FREEHOLD, N.J. (CBSNewYork) — Emergency call centers across the region have been struggling to upgrade as New Jersey residents are taxed to pay for the upgrades.
However, as CBS2’s Meg Baker reported, Monmouth County officials want to know where the money has gone.READ MORE: FDA Recommends 'Pause' For Johnson & Johnson COVID Vaccine After Rare Blood Clots Reported
In Monmouth County, people can text message 911, but in order for it to work more efficiently, the entire state needs to be upgraded, because not all phone carriers or neighboring counties that might get the call are included.
When it comes to pinpointing the caller’s location, the system developed in the 1980s can only give a range.
Monmouth County taxpayers funded a new 911 call center, but all New Jersey residents pay a 90-cent tax on their phone bill that is supposed to be allocated toward improving 911 services.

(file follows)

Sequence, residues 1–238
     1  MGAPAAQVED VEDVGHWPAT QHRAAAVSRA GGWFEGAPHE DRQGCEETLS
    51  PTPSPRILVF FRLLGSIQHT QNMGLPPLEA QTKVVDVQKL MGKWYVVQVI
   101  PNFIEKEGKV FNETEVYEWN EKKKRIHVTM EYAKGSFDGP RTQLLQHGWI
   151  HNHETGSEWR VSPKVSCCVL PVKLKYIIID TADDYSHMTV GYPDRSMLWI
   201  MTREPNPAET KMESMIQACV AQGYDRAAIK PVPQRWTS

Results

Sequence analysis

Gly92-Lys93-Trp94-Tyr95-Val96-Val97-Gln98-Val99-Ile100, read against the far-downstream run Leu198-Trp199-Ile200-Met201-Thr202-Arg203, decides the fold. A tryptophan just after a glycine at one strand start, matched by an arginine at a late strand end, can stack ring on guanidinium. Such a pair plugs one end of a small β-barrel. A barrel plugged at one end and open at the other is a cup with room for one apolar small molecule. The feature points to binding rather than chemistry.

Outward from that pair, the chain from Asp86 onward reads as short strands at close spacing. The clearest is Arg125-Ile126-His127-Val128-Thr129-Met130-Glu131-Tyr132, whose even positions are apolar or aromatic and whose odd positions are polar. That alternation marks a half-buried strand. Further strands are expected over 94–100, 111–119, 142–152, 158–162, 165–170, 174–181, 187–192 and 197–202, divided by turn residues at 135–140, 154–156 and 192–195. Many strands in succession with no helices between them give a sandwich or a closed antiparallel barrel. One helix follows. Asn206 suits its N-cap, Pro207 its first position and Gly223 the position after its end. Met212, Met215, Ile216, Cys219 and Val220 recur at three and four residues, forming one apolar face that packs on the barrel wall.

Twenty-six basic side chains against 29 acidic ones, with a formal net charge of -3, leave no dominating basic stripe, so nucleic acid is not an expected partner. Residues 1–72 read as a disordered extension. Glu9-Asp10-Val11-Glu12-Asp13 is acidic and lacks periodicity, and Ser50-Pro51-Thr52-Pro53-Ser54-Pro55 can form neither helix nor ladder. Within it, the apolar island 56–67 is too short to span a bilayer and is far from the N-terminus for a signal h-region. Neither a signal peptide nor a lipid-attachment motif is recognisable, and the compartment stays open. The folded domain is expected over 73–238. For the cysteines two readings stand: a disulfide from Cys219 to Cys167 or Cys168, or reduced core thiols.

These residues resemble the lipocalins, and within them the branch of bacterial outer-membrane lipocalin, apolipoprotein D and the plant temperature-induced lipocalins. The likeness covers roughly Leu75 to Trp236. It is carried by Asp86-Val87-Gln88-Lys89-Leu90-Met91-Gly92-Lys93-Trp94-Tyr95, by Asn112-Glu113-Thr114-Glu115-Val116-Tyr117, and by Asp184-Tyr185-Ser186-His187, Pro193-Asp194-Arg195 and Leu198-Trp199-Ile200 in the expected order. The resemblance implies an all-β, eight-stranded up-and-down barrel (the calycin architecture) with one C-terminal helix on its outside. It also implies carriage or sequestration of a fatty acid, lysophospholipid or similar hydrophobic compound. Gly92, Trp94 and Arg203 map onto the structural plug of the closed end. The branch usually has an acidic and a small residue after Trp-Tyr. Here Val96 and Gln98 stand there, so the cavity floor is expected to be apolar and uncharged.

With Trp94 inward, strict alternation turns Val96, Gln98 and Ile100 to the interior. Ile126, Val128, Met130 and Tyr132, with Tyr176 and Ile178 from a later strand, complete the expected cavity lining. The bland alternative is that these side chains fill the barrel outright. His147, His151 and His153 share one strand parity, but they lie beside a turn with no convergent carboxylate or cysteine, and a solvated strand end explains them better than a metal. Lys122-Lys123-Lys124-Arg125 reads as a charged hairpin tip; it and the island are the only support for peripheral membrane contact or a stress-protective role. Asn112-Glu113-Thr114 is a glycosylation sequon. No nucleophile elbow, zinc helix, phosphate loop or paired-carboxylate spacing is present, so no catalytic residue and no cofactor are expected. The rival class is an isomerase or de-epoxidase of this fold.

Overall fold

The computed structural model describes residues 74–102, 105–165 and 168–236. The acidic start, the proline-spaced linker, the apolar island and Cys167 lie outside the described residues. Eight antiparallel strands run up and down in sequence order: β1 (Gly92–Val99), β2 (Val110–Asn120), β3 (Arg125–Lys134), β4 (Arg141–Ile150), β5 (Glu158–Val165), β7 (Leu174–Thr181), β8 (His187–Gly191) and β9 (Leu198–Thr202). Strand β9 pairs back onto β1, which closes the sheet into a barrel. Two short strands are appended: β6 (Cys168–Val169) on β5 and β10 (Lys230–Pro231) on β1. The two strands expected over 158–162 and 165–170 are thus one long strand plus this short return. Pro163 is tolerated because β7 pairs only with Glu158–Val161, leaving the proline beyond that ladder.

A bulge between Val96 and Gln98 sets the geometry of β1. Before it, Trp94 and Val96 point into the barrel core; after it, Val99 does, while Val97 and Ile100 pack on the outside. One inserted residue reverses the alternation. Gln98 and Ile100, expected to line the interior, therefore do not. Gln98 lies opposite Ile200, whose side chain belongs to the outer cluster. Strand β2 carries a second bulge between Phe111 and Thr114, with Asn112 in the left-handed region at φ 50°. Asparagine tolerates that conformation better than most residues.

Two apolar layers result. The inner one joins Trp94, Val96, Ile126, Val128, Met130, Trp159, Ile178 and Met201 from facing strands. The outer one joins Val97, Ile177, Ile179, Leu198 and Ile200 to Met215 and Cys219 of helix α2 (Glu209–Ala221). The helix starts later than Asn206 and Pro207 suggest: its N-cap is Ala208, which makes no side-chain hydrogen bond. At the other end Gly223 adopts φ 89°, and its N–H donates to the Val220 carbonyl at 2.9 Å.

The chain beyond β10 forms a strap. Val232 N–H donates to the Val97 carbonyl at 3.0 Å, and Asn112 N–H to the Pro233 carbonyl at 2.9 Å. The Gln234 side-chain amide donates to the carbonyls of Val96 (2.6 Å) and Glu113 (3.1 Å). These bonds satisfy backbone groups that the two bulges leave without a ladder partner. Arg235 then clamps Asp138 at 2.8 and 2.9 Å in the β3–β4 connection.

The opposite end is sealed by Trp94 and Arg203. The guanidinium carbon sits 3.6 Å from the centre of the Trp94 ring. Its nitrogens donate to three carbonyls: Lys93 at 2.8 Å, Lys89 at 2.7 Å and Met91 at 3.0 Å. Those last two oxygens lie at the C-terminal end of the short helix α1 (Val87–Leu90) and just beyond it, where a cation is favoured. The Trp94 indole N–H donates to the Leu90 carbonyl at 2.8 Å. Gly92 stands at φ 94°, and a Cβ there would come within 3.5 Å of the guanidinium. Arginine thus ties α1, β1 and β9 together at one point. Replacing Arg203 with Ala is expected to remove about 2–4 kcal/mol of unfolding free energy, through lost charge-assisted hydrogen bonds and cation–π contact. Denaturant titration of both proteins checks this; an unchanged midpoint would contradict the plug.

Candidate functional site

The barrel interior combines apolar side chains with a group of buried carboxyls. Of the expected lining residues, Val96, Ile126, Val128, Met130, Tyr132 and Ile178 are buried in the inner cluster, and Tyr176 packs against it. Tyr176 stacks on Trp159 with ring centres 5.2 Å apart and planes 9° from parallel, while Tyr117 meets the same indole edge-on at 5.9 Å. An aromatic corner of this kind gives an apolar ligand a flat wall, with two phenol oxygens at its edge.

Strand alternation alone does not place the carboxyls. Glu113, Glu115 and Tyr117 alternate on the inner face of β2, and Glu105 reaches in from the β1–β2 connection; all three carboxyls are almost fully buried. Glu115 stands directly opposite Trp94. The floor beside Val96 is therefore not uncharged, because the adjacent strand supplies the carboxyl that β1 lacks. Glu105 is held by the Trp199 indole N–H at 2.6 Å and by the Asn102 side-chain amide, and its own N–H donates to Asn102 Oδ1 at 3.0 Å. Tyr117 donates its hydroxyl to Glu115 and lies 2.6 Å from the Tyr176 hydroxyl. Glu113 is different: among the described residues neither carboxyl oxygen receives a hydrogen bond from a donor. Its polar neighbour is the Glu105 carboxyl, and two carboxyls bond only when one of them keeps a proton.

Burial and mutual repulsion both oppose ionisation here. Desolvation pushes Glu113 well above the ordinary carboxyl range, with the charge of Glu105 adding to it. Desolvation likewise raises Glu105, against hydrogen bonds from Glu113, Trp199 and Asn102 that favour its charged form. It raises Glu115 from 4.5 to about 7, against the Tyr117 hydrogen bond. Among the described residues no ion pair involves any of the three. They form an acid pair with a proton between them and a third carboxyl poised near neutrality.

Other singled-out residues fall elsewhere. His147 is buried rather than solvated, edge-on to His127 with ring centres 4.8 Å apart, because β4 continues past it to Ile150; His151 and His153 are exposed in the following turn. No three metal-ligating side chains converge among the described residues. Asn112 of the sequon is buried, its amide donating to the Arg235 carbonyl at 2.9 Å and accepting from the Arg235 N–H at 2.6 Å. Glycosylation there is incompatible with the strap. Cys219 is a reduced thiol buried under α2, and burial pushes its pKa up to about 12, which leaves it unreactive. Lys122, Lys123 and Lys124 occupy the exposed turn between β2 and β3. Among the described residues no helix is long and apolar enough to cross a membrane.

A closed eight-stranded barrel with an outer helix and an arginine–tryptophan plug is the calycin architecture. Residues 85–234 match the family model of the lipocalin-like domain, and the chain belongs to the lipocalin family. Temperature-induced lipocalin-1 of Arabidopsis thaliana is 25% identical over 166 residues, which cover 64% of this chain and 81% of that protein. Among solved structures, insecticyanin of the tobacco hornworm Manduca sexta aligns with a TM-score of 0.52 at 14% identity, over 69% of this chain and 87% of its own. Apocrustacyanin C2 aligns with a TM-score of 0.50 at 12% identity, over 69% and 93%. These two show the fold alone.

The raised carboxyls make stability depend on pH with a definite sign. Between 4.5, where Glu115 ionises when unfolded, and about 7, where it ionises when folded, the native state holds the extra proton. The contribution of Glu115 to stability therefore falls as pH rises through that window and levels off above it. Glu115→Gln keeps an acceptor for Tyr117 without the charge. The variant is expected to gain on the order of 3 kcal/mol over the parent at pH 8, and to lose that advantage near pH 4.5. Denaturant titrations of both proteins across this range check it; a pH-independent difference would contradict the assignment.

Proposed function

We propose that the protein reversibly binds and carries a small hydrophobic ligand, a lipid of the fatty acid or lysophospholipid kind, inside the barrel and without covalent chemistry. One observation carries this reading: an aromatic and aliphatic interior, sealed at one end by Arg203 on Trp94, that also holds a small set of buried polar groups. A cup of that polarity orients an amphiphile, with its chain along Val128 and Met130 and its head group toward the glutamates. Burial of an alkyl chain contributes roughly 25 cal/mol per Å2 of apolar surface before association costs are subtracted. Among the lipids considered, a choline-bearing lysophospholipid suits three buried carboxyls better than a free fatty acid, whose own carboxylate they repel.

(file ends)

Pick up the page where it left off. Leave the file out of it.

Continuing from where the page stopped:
A bill was introduced to raise the tax.READ MORE: Group Marches Across Manhattan Bridge To Protest Shooting Death Of Daunte Wright In Minnesota
“To add an additional nine cents to a 90-cent fee that isn’t being used for that dedicated purpose to being with makes no sense whatsoever,” Monmouth County Sheriff Shaun Golden said.
Freeholder Thomas Arnone wants answers on where an estimated $120 million generated annually already from this tax has gone.
“Demanding our governor, our Senate and our Assembly to restore the funding that is due to us,” Arnone said.
Gov. Chris Christie’s office referred CBS2’s Baker to the Board of Public Utilities who said they were “tracking it down” and then passed her onto the New Jersey Office of Information Technology were she left a message.
The last time Monmouth County saw any funding from the phone bill tax was in 2010.MORE NEWS: Hundreds Gather At Police Dept. In Minneapolis Suburb For 2nd Night Of Daunte Wright Protests
The county estimate it is owed $2.5 million, which would go toward upgrades, training and coordinating services.